In the near future, London labors under the rule of a brutal king. Suicide cults, spawned in America, are making their way around the world on a mission to kill animals as part of their path to ascendance. While technological marvels abound, access to them has been corrupted in ways that reward the rich and punish the poor.
At the bottom of this decadent society exist the Indigents, a growing segment of people addicted to an insidious hallucinogen, Flôt. Among the lowest of these poor and lost is Cuthbert Handley, whose life was upended when a childhood accident claimed his beloved brother decades earlier. Now homeless and deep in the clutches of a Flôt addiction, Cuthbert begins to hear the voices of animals in the London Zoo, which has become the last repository of many species on Earth. Their calls drive Cuthbert to an action that will either plunge society into chaos, or save it.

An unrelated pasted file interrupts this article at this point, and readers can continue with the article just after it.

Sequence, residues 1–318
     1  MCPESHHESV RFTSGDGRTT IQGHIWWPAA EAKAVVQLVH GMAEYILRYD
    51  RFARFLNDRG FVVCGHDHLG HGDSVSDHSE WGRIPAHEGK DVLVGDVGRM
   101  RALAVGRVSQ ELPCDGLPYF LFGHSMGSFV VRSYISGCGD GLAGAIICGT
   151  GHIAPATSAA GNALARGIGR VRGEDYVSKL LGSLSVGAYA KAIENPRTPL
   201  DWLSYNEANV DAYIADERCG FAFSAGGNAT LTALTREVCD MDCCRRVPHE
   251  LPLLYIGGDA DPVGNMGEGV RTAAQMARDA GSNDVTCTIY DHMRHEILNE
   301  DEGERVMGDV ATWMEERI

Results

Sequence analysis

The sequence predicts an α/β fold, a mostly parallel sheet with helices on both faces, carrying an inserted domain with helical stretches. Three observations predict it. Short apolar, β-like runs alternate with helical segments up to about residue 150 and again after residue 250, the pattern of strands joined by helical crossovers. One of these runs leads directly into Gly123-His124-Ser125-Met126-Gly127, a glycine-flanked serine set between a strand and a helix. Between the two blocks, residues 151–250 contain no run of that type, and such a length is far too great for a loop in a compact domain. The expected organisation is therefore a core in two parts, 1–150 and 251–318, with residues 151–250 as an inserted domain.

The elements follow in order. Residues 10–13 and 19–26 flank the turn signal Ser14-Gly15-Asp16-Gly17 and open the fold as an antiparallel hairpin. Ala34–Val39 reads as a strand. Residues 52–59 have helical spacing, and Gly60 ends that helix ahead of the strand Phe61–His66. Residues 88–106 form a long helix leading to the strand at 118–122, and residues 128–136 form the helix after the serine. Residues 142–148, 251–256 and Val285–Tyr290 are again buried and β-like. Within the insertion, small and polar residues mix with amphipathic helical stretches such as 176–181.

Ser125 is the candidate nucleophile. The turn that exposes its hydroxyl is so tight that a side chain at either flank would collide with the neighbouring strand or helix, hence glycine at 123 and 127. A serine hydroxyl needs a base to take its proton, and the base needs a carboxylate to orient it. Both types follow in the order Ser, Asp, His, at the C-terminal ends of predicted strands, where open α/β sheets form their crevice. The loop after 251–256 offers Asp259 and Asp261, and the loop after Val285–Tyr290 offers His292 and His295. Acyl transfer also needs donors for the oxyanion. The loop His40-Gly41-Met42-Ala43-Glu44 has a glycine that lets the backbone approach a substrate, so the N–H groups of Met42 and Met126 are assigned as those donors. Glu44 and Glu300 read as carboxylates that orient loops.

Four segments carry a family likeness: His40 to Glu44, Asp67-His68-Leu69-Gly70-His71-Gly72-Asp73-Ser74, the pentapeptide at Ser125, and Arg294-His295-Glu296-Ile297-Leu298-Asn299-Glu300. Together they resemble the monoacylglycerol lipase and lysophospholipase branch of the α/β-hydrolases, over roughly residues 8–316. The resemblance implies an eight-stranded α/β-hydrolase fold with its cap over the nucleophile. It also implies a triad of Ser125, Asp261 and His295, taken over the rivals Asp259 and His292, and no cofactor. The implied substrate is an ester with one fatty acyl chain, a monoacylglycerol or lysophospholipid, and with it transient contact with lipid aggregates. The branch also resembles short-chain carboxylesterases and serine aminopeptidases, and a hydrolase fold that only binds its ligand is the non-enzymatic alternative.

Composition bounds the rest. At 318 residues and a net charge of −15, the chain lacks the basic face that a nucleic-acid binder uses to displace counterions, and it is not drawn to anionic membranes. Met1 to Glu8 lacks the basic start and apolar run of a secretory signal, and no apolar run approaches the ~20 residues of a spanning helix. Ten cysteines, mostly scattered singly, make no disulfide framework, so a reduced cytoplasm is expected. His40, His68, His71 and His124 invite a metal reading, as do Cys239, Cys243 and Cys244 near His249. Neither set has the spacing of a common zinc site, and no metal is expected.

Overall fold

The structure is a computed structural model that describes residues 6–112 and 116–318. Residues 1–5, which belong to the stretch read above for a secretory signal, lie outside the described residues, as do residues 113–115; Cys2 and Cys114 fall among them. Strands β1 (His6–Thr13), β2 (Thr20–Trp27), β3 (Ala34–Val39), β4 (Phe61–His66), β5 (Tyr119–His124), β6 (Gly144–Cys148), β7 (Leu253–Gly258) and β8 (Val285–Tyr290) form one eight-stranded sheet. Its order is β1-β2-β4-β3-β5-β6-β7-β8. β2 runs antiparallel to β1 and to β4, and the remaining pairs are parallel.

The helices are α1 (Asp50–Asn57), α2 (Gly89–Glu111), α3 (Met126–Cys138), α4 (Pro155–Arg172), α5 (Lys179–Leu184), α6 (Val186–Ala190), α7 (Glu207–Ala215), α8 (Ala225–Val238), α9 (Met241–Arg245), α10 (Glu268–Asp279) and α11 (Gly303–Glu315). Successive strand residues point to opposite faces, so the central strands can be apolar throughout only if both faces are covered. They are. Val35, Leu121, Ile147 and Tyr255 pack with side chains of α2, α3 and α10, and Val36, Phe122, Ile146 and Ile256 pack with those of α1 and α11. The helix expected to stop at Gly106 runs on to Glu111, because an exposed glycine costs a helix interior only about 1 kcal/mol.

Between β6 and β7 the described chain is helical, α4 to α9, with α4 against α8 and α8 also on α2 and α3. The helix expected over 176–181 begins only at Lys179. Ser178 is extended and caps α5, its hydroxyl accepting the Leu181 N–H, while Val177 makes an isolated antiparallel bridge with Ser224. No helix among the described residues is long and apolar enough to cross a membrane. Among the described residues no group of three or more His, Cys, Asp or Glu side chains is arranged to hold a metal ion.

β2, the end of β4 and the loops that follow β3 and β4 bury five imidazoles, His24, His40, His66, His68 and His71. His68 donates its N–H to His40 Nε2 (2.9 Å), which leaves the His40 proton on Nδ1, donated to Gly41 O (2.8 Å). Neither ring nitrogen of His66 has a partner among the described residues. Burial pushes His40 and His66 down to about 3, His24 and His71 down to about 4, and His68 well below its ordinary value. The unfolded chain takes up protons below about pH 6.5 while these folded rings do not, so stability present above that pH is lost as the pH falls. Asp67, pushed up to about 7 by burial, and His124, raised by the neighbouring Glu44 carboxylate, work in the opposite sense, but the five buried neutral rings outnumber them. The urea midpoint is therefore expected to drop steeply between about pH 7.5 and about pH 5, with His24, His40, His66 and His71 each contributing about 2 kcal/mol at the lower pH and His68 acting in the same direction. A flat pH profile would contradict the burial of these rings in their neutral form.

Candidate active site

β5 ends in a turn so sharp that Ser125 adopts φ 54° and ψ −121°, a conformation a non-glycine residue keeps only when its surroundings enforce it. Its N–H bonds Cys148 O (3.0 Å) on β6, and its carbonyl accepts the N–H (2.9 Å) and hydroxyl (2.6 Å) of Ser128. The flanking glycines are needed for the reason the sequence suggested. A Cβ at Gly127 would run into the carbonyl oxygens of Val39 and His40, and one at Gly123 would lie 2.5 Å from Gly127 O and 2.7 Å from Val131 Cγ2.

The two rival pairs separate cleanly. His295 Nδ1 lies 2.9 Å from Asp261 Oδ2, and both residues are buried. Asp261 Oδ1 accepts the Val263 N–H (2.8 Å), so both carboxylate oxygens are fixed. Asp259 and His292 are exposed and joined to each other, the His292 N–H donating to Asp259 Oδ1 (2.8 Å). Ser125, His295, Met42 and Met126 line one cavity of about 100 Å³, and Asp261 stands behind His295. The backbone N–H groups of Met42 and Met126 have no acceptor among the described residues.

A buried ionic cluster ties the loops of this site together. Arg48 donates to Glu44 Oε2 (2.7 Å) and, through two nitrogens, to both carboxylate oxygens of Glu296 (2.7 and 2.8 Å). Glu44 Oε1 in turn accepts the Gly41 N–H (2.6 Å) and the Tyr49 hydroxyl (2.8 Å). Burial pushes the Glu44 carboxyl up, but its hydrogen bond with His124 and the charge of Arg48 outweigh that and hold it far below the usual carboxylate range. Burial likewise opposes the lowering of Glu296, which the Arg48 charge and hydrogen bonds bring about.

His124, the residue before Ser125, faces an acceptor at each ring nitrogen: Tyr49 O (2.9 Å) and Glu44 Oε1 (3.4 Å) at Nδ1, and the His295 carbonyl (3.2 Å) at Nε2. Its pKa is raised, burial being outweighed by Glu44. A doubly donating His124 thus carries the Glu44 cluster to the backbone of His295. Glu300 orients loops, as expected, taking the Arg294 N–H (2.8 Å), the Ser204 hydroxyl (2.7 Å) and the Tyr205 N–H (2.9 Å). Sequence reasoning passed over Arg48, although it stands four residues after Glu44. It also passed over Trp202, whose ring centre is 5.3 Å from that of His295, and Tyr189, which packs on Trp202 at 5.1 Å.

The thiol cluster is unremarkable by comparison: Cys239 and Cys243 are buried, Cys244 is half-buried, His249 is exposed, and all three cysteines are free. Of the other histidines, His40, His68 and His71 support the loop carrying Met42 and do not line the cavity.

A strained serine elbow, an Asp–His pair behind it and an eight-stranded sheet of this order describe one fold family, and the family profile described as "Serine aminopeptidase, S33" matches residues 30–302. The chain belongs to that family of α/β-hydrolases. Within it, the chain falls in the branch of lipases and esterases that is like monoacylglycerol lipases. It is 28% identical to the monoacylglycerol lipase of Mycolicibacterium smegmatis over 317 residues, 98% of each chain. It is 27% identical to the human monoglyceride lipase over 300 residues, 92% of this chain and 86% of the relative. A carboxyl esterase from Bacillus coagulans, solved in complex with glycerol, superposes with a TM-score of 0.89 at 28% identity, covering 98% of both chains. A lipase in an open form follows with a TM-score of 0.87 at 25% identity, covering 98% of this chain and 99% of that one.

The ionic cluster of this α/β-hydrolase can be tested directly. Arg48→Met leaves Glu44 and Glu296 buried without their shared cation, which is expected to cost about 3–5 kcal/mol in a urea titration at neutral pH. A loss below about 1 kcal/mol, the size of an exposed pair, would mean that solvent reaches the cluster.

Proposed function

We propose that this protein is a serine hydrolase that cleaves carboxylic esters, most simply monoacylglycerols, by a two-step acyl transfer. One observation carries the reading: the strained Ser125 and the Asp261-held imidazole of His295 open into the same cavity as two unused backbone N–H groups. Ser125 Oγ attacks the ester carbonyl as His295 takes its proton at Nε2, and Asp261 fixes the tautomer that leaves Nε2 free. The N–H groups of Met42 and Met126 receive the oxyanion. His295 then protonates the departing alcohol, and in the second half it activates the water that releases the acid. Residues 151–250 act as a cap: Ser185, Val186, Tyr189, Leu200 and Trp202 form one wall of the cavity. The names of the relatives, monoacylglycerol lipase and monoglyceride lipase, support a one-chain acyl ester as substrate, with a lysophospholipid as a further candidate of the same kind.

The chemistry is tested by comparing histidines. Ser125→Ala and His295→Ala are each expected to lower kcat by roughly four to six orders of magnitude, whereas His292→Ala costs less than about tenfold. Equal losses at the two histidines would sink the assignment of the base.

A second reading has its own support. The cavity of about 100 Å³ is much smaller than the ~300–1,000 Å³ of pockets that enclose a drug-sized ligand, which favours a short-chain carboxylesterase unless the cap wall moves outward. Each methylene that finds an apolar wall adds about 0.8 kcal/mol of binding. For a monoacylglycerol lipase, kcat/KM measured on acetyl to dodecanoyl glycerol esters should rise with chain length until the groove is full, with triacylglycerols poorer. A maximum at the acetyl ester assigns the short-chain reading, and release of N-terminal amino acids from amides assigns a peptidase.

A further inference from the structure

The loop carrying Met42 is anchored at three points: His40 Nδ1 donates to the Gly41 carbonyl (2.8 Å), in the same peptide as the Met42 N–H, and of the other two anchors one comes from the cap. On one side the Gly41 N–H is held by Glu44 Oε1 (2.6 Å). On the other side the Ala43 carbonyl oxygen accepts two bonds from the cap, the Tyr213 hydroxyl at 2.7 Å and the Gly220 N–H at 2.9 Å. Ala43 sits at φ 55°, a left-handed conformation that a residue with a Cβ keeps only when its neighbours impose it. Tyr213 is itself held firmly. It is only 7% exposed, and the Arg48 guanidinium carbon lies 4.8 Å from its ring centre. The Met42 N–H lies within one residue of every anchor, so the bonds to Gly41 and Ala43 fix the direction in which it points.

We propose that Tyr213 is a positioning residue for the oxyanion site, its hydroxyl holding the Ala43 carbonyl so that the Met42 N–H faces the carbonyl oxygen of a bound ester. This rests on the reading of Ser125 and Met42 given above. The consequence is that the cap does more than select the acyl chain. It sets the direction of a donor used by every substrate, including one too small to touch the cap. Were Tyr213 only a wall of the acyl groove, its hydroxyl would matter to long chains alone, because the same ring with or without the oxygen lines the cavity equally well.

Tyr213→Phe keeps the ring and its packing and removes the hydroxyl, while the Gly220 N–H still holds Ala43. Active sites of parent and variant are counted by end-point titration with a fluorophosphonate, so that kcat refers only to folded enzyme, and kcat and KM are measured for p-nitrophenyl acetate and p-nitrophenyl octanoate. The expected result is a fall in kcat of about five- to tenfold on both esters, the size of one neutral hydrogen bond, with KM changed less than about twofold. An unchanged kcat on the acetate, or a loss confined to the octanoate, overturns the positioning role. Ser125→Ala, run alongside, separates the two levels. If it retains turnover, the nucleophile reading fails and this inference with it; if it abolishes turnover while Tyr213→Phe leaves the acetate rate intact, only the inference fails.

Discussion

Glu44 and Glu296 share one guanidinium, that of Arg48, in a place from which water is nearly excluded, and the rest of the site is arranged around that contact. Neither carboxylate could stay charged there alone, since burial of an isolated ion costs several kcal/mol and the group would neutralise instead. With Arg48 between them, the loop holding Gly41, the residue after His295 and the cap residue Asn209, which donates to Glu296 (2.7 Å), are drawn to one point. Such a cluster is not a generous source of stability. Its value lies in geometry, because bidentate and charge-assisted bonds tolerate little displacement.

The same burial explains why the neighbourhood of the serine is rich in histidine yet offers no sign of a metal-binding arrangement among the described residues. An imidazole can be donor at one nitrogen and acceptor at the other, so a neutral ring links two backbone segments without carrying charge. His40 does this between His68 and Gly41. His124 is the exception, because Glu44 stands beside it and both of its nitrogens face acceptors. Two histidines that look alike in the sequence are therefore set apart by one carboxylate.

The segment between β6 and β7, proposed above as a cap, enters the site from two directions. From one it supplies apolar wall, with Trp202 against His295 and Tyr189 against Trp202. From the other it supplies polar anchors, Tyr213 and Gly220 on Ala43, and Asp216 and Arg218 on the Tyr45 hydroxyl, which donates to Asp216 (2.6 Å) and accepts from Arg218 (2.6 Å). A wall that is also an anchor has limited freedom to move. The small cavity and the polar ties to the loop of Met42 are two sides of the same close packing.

A magnificently textured story, Night of the Animals benefits from author Bill Broun’s liberal use of Midlands dialect, which reinforces Cuthbert’s unshakable connection to his past and its native folklore. Likewise, the animals’ speech is tethered to their origins and experience. As the distinction between the voices of the creatures and the internal whispers of Cuthbert’s addiction fades, Broun maintains a remarkable balance between magic and madness. This strange tale is both cautionary and captivating.